How to watch luge at the Olympic Winter Games Beijing 2022

Luge will see some legendary names compete on a new track at the Winter Olympics. Here are the key things and top stars to look out for.

By Andrew Binner
Picture by 2018 Getty Images

With athletes reaching speeds of up to 154 km/h (95 mph), luge is considered to be the fastest sport at the Winter Olympics.

It also means there will be no shortage of excitement when competition begins on 5 February at the Beijing 2022 Winter Olympics.

There will be a fascinating blend of experience and emerging talent sliding down the run in the Chinese capital. Watch out for Germany's multiple-Olympic gold medallists Felix Loch and Natalie Geisenberger, who will line up alongside the likes of rookie Nina Zoeggeler, the daughter of retired Italian legend Armin Zoeggeler.

There will be four medals on offer: the men's singles, women's singles, doubles, and the hugely popular team relay event.

Read on to find out what each event entails, the schedule, stars to look out for, and the best way to watch the action.

ALSO: Olympic luge at Beijing 2022: Top five things to know

Luge events at Beijing 2022

Men's and women's singles - One athlete on the sled. Each competitor gets four runs, the times are added, and the fastest total time determines the winner. Women start from a position further down the course than the men.

Doubles - A one-day competition in which pairs of athletes, one lying on top of the other, take two runs down the course. The fastest total time determines the winner. Teams can be comprised of men, women, or a mix.

Team Relay - A relatively new addition to the Olympic programme after making its debut at Sochi 2014. Each team selects three sleds: a woman, a man, and a doubles team. The women's sled starts in the normal way. At the finish, the athlete hits a touch pad, which opens the start gate for the man's sled. The process is repeated, releasing the doubles team on the anchor leg. The time stops when the top driver of the doubles sled hits the touch pad, with each team contributing to one combined time.

Luge stars to watch at Beijing 2022

Germany are the world's top luge nation, and will be expecting Olympic gold medals in all four events.

Their top female talent is arguably the greatest of all time, Natalie Geisenberger. The German is a five-time Olympic gold medallist, but believes that Beijing 2022 could be her biggest challenge yet, after taking the 2019 season off to give birth.

She will have to be on top of her game to beat compatriot Julia Taubitz, the reigning World champion and World Cup overall winner, and Austrian prodigy Madeleine Egle.

On the men's side, all eyes will be on Felix Loch. The German is a three-time Olympic medallist and has set the world record for the fastest speed ever recorded on a luge sled of 153.98 km/h (95.68 mph).

His most recent Olympic cycle hasn't been all plain sailing. An uncharacteristic mistake saw him finish outside of the medals at PyeongChang 2018 and kickstart a two-year period with just a handful of World Cup podiums. But in 2020/21 he rediscovered his best form, winning nine out of 12 World Cup events, and is one of the strong favourites once again in Beijing.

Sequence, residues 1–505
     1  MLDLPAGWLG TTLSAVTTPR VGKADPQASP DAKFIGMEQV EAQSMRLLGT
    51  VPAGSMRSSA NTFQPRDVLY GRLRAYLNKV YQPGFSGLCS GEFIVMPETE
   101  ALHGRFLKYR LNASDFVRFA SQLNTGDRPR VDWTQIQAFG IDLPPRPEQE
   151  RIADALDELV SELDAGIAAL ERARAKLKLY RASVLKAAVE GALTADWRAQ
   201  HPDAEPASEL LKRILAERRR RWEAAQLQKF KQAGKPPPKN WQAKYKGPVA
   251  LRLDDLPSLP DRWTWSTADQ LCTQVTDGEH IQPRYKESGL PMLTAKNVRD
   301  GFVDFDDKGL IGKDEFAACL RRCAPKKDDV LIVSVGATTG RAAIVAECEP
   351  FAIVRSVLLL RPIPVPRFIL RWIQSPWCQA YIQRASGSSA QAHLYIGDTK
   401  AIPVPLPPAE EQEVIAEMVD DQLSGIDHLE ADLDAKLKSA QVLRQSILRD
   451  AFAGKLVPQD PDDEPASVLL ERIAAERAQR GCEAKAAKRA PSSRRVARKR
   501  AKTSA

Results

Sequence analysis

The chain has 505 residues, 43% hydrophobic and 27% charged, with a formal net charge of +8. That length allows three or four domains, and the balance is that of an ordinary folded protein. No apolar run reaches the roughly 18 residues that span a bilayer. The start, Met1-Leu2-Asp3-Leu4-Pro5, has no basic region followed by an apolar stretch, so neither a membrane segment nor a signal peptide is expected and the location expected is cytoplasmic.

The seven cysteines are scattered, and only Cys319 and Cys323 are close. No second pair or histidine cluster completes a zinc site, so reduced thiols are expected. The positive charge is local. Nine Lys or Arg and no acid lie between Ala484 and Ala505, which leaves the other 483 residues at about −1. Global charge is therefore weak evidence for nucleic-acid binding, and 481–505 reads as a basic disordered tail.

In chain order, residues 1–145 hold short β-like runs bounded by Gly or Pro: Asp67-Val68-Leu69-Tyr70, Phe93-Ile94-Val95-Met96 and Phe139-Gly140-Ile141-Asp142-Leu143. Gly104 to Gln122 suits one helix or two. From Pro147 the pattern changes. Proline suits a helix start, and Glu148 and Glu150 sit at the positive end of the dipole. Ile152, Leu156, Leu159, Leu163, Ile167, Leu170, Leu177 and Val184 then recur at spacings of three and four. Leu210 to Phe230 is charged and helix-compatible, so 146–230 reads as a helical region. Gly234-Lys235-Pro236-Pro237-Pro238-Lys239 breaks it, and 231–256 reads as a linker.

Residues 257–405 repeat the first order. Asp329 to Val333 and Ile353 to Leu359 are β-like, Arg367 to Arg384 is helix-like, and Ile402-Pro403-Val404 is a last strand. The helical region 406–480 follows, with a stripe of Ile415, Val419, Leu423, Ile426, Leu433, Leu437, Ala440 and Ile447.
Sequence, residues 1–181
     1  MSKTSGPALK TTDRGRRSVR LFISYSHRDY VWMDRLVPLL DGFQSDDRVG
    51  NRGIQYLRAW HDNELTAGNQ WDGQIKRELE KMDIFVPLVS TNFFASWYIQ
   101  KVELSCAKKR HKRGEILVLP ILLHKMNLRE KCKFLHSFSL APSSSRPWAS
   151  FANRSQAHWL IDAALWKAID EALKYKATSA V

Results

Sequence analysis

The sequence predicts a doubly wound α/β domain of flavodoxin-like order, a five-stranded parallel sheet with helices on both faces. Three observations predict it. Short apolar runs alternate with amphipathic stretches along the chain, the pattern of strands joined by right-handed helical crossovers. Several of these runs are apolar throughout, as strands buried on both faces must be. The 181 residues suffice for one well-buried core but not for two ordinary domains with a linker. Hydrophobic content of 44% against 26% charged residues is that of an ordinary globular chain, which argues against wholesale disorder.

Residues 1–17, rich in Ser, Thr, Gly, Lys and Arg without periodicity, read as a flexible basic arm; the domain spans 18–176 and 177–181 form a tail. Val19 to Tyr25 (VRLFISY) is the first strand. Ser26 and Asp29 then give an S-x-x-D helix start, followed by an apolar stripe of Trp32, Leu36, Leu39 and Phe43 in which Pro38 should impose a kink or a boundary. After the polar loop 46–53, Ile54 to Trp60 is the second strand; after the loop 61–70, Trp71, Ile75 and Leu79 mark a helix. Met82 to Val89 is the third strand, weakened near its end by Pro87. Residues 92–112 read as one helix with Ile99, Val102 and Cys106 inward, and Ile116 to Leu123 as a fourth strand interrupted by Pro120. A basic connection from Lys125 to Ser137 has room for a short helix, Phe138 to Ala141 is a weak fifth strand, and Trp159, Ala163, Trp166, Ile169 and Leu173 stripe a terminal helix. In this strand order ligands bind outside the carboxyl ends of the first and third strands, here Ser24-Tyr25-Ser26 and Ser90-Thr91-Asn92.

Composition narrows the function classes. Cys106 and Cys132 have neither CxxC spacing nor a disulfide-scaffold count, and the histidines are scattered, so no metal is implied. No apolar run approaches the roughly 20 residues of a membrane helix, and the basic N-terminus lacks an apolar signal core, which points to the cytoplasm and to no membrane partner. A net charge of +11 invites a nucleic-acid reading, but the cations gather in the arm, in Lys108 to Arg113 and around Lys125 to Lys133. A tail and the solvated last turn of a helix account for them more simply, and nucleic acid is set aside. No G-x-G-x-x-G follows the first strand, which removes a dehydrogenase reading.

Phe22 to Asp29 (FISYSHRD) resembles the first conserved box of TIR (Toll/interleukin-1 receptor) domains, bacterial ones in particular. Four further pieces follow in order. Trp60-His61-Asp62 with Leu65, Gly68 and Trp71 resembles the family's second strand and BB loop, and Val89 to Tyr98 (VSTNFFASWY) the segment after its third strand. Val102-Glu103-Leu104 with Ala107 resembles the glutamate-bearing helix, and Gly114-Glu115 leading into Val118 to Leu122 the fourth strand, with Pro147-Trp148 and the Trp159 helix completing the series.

His main opposition will be compatriot Johannes Ludwig, bronze medal winner in PyeongChang and newly crowned World Cup champion. Also keep an eye out for Austria's Wolfgang Kindl, second overall in the World Cup and USA Olympic silver medallist Chris Mazdzer, who is returning from injury.

READ: How Felix Loch reawakened the beast within

Luge schedule at Beijing 2022 Olympics

Venue: The Yanqing National Sliding Centre

(All times are in local time, UTC+8)

Sat 5 February

19:10 - Men's singles - heats 1 and 2

Sun 6 February

19:30 - Men's singles - heats 3 and 4

Mon 7 February

19:50 - Women's singles - heats 1 and 2

Tue 8 February

19:50 - Women's singles - heats 3 and 4

Wed 9 February

20:20 - Doubles

Thu 10 February

21:30 - Team Relay

How to watch the luge competition at Beijing 2022

Luge is the fastest sport at the Olympics, and also one of the most dangerous, the first thing to appreciate is the sheer velocity of the athletes.

It's the fastest because the runners (blades under the sled) are sharper than in bobsleigh or skeleton, and more difficult to control.

“It can also look as if an athlete is not doing that much when the sport is shown on the TV, but we’re actually steering the whole way down and trying to be relaxed – there’s so much to do, but when you’re doing it right, the spectator at home doesn’t get a feel for it," British luger Adam Rosen, who competed in both the 2006 and 2010 editions of the Olympic Winter Games told Olympic Channel.

Despite having to endure six Gs of pressure on the curves, athletes must stay relaxed physically in order to maintain the highest possible speeds.

The doubles event involves a whole new skill to add to the brains, brawn and bravery of the singles: chemistry. Keep an eye on how the heavier athlete, often on top in order to maintain balance, works in tandem with the teammate underneath in the turns.

“It’s not quite like a double-decker bus going down, but it’s similar," Rosen continued. "You have to be more precise and aware of where you’re going because it’s a lot easier to crash in doubles over singles."

READ: An Olympian explains: How to master luge with Armin Zöggeler

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